Addition : Simple vs Complex. I agree that it's more about balanced difficulty than whether or not a battle system is simple or complex. However, if a battle system is really simple, I'm not sure how much a balanced difficulty is going help out. My main example I always use is your traditional JRPG where you have the standard "Attack, Magic, Item, Defend" actions, especially when the magic system is shallow. Most of those battles come out to "Attack, Magic Attack, Heal." If that battle is really hard, it looks like "Attack, Heal, Heal" intead. If it's really easy, it just "Attack, Attack, Attack." Such simple battle systems were acceptable 25 years ago when consoles couldn't handle much more than that. Now, a JRPG simple battle system absolutely kills a game for me. Conversely, a game can certainly be too complicated for its own good. We don't see too much of that nowadays since more and more "RPGs" are going with a simpler First Person / Third Person real time approach (ala Fallout 3). The point being that if its too complicated, you'll turn off a number of players before they even start (read comments on Resonance of Fate, for example). I play Pathfinder Pen & Paper RPG, and I'll be the first to admit that it's very deep system is a big entry in the negative column to many potential players. As with most things, you'll find people who don't mind the extremes (I Like complication, for example), but they're the exception and not the rule.

    ------------------
    Addition: I agree regarding Shadow Heart's Judgement Ring. I really like it too. It's a really simple mechanic that makes the traditional JRPG battle system a lot more interesting. It forced the player to be involved througout the entire battle rather than just taking 3 seconds to choose attacks, and 60 seconds watching it play out (over and over and over)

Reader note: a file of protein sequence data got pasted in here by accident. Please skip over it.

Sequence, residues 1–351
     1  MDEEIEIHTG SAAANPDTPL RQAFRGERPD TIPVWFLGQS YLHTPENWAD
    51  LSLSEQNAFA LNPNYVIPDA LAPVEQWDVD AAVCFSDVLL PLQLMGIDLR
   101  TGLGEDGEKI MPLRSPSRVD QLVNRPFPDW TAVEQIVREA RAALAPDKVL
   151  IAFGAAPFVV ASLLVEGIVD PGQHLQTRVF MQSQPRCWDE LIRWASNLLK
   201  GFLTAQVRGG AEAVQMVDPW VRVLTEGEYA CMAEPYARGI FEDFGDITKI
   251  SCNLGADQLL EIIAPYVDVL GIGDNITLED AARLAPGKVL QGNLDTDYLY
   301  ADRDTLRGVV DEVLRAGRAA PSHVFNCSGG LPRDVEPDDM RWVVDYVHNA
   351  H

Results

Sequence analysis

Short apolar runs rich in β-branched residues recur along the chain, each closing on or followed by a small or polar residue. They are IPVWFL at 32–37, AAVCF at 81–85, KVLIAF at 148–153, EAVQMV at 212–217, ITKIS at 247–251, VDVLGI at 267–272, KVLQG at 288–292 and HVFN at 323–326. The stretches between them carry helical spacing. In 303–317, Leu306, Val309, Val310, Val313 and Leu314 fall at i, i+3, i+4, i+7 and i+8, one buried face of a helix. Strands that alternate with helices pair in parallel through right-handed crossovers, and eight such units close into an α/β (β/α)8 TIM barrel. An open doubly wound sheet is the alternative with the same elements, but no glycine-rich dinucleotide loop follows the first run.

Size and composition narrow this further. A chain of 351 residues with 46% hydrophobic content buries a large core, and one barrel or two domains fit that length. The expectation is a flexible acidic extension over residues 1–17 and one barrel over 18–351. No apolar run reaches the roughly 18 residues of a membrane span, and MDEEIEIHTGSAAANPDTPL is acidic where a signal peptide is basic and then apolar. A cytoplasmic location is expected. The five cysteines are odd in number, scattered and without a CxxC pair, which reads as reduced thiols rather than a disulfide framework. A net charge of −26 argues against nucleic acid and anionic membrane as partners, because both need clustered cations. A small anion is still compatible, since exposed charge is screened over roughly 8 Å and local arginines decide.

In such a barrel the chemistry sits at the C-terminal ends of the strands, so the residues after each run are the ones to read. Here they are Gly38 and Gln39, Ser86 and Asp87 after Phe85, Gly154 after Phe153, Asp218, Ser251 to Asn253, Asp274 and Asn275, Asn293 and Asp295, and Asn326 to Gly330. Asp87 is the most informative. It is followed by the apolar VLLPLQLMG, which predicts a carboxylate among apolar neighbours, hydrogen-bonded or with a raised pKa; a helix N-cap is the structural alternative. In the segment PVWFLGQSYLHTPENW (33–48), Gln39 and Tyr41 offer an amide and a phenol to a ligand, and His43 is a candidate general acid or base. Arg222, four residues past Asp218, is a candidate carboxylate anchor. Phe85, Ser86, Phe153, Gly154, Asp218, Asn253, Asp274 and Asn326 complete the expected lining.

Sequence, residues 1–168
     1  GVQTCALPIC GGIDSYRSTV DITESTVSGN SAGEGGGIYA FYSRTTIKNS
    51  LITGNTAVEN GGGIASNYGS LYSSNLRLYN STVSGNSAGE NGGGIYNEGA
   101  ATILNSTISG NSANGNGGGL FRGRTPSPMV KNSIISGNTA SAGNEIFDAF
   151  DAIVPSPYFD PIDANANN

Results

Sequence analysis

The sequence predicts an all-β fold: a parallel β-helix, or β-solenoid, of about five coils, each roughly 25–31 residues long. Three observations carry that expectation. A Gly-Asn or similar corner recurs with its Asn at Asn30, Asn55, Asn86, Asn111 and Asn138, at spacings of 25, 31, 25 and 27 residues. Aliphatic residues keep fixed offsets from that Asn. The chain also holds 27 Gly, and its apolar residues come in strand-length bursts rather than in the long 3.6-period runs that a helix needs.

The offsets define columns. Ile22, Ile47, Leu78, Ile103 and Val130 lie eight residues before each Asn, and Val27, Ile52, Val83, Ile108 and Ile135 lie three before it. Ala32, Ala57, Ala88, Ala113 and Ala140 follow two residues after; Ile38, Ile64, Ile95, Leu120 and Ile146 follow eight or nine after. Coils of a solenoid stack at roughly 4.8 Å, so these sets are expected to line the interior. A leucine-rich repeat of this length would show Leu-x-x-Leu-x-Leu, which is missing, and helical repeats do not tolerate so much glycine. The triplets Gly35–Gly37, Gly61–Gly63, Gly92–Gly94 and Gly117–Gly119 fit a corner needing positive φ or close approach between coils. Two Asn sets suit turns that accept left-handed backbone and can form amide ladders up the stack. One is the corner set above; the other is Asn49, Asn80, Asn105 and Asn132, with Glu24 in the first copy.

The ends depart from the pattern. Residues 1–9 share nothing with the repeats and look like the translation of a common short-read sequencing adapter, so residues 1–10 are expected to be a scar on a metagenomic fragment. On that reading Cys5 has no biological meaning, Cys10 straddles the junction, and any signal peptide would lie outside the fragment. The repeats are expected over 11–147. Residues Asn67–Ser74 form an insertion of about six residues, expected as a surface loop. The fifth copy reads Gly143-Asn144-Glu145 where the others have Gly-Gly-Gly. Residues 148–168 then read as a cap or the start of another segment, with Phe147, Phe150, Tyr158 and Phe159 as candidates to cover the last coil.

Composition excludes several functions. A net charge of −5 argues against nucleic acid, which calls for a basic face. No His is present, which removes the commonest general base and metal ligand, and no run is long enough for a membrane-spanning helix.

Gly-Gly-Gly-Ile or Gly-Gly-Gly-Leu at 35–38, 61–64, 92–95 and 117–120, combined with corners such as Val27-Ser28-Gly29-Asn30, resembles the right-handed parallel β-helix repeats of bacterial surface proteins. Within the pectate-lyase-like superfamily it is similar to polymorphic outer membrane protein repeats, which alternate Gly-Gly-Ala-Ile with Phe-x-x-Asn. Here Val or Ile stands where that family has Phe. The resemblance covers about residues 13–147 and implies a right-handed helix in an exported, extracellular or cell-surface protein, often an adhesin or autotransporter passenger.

Last edited by jcservant; 09-04-2011 at 11:03 AM.

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    NEEDS MOAR UNDERBOOB! Oyashiro's Avatar
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    RoF battle system wasn't that complex. It seemed like it at first but then you realize how it really works and you can blast thru it like nothing. But The last boss was insanely hard. I remember my party was around levels in the 90's. I did everything you could, all side-missions and such so that I wasn't that low of levels. Then I see that last boss is about level 230... It took me about 20 tries but I finally beat him. its was the only difficulty spick i could remember in that game...
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    Overdosing Heavenly Bliss Moderator ChickenGod's Avatar
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    Interesting episode. Like JC, I listened to about half the episode but had to stop there for various reasons. You probably should have mentioned how stupid Sands of Destruction's battle system could be, Strawberry. Its one of the strangest I've ever seen the way some attacks do 1 damage, turn order is calculated, and how some bosses have no HP at all, where as others can take like an hour to kill. Also, I agree with your sentiments on Simple vs Complex, JC. Typically I can live with a mundane battle system with Attack, Attack, Magic, Heal, but there has to be something else to capture my interest. Conversely, however, I can't really stand overly complex and "unique" battle systems. I'll probably catch alot of flak here, but I thought RoF's battle system was Tri-Ace's worst to date, and generally can't stand everything made by Sting such as Knights in the Nightmare. My experience with RoF's final boss was very similar to Oyashiro's above.

    Worst Battle System: By FAR Xenosaga 2. Honestly, its not even a contest. When a game makes you dread every single encounter, you know you're doing something wrong. I've tried to block out from memory everything about this one, but I do remember the break mechanic made even routine battles needlessly complex and far too time-consuming. Some combination of my lack of understanding and the game actually being rather difficult also made you REPEAT many of these fights upon death which is just inexcusable. The most infuriating thing about the whole ordeal is just how long fights take as well, ranging from literally 5-7 minutes per battle in many cases. Lost Odyssey, although it doesn't share most of the same problems, does have the same issue of battles taking far too long. I often wonder why anyone people hate on Black Sigil, in which most battles can be wiped in 30 seconds, yet praise stuff like Lost Odyssey and XenoSaga 2 when random fights take as much time as 3 or 4 battles of another game.